Belfast Telegraph

Tuesday 16 September 2014

Supply services |or produce goods which are vital

Question: Now that the Northern Ireland economy has slipped into recession, what can we do to maximise the survival chances of our company?

Scott Alexander, head of training and development at Legal-Island employment law specialists in Antrim replies:

A recent newspaper story found that some women would go without a meal before they would relinquish make-up. People need food to survive, so make-up must be so close to necessary as makes little difference.

The answer is therefore pretty simple — produce goods or supply services that are viewed as vital when money is short: go cheap or go for quality/value.

If businesses cut costs they can sell cheaply and people love a bargain.

However, most people then find out that you get very nasty when you buy cheap.

Value for money offers seem so desirable to people they are almost necessary. They might cost more but they last longer.

These things bring in more money but sell in smaller numbers.

Among the options are to cut costs to reduce price, or improving quality to emphasise value and improving marketing so that people know about your offers.

In addition, you need to identify what makes your goods/services desirable and to emphasise the need to buy now or lose out

Sounds easy, but remember, you’re competing with food and cosmetics.

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Question: My firm has recently taken on the services of a cleaner but she is unsatisfactory. Can we fire her without giving a reason provided we do this within 12 months of taking her on?

Emma-Jane Flannery, a solicitor in the employment team at Arthur Cox solicitors, replies:

Many employers assume that so long as their employees have served less than 12 months with them, then they can terminate their employment without any fear of being sued for unfair dismissal. That assumption is only partly right, however, and it is now even more risky than ever to rely on it.

The statutory disciplinary and dismissal procedures (DDPs) were introduced in Northern Ireland in 2005.

As a minimum, employers must follow the three-step DDPs in relation to any proposed dismissal of any employee.

The DDPs apply to all employees from the first day of employment, so an employer cannot dismiss any probationary, temporary or recently recruited employee without having followed a DDP.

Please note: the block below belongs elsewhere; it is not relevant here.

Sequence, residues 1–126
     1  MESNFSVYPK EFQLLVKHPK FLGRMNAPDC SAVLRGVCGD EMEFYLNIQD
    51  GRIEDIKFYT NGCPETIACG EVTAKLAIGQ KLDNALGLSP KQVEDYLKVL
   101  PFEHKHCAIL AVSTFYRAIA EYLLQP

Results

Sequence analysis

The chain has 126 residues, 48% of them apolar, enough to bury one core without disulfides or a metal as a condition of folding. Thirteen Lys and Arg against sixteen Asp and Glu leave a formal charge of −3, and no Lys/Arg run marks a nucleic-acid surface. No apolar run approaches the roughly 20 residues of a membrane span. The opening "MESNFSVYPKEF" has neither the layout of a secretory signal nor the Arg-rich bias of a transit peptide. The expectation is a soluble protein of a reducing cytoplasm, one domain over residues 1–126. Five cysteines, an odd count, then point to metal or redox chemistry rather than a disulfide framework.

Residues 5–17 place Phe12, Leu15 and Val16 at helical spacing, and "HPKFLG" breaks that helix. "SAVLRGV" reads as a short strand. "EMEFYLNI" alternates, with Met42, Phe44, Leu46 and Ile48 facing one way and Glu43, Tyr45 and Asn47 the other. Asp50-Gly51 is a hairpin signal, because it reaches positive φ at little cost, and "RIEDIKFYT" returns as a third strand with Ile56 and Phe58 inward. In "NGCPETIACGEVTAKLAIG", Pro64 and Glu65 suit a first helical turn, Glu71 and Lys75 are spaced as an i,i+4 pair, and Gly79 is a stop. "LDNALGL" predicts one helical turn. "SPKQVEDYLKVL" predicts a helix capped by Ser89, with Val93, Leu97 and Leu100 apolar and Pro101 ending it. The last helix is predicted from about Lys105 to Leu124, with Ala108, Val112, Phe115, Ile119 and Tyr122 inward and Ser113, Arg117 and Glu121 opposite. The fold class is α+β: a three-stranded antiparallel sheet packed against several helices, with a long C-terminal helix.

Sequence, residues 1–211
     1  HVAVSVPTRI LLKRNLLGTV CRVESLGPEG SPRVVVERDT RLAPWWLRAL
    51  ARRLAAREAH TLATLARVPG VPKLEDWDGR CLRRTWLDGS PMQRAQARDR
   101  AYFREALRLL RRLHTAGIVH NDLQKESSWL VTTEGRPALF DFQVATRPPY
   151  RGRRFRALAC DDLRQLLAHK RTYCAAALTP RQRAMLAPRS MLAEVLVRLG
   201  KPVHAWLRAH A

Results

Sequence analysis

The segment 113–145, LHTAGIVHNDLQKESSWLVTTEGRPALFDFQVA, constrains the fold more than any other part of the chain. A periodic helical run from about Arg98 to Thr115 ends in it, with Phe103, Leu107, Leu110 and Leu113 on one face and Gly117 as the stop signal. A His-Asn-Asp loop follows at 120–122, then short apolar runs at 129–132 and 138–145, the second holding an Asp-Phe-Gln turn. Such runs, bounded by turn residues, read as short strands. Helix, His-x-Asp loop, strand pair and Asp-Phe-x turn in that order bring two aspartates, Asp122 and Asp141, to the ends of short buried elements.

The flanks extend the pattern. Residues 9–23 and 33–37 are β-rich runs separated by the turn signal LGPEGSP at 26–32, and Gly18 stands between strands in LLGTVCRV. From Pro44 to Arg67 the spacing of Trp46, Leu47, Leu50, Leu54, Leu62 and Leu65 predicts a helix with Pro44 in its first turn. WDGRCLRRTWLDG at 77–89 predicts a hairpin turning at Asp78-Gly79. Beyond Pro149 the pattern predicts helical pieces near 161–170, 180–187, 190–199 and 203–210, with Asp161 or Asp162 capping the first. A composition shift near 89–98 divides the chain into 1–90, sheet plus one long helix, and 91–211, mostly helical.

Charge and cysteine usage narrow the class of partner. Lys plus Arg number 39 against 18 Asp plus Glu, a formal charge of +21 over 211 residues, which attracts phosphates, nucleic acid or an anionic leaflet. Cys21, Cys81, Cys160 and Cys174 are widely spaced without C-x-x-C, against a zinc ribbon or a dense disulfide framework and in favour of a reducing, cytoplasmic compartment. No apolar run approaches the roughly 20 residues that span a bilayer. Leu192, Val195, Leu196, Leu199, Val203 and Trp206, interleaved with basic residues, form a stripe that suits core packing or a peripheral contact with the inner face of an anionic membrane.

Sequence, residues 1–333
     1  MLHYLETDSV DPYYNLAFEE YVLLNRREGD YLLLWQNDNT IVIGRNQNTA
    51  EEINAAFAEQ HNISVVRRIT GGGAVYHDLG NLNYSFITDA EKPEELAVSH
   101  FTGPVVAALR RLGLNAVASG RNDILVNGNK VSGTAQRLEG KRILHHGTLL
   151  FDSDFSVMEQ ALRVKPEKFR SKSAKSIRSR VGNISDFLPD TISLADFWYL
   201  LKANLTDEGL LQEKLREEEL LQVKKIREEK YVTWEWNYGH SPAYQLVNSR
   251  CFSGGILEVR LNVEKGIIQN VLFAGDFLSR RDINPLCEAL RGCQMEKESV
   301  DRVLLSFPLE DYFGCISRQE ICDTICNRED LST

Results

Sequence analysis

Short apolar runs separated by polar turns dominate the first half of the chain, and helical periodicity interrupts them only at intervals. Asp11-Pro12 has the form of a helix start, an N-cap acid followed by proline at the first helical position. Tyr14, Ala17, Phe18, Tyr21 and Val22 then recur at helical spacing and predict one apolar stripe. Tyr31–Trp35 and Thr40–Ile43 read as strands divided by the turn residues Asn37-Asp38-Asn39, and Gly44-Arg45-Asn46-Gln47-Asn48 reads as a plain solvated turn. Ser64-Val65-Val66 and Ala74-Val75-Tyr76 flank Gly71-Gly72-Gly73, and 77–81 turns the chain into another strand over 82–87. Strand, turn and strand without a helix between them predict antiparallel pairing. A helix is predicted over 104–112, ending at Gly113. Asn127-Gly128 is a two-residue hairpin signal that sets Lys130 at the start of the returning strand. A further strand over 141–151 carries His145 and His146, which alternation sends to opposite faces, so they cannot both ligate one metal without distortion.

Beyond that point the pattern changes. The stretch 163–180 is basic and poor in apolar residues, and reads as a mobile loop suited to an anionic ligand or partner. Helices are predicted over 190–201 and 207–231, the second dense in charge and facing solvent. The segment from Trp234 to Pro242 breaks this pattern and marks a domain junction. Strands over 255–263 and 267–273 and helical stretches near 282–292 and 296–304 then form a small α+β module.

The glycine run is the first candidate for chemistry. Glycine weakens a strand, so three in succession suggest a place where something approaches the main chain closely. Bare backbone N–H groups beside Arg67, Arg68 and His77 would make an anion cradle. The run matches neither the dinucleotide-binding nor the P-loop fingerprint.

The DDPs involve setting out in writing the reasons why dismissal is being considered and asking the employee to attend a meeting, convening the meeting and giving the employee a right of appeal.

Although the cleaner will not have accrued any unfair dismissal rights as he/she does not have the requisite service, the risk of not following the DDPs is that he/she may claim that the dismissal was discriminatory, or that it was unfair for one of the reasons that does not require a qualifying period of employment (for example, dismissal related to

an employee's pregnancy or maternity leave). If the employee is successful in one of these claims and can show that the employer was at fault in not following the DDPs, the Industrial Tribunal will increase the level of compensation paid to the employee by between 10 and 50%.

As compensation in discrimination claims is not capped, the cost of failing to follow the DDPs in such cases could be considerable. The Labour Relations Agency's Code of Practice on handling disciplinary and grievance procedures states that disciplinary procedures should apply to all employees regardless of their length of service.

The procedure need not be the same as the workplace discipline and dismissal procedure that applies to permanent employees, providing it meets the minimum requirements of the DDPs.

Emma-Jane Flannery and her colleagues from Arthur Cox Solicitors in Belfast will be answering employment law questions live at Legal-Island’s Annual Review of NI Employment Law on November 13 at the Culloden Hotel and November 25 at the Ramada Hotel.

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Question: I have been operating solely within Northern Ireland but now want to target the Republic. Have you any advice?

Elaine Curran from Invest NI’s trade development services team replies:

As it is our nearest and most accessible export market, the Republic is a good place to target in order to increase your sales. There are few barriers to the free movement of goods and services between Northern Ireland and the Republic (RoI) and there are several support programmes that can help you to identify potential business opportunities.

There is no better way to explore a new market than by market visits which enable you to meet potential customers while researching the opportunities. Invest NI can help you organise these market visits.

If you are new to exporting, Invest NI’s Passport to Export programme can help you develop the practical skills you will need - www.investni.com/exportworkshops.

For further information on cross-border programmes to help companies target the RoI market, have a look at the InterTradeIreland website ( www.intertradeireland.com).

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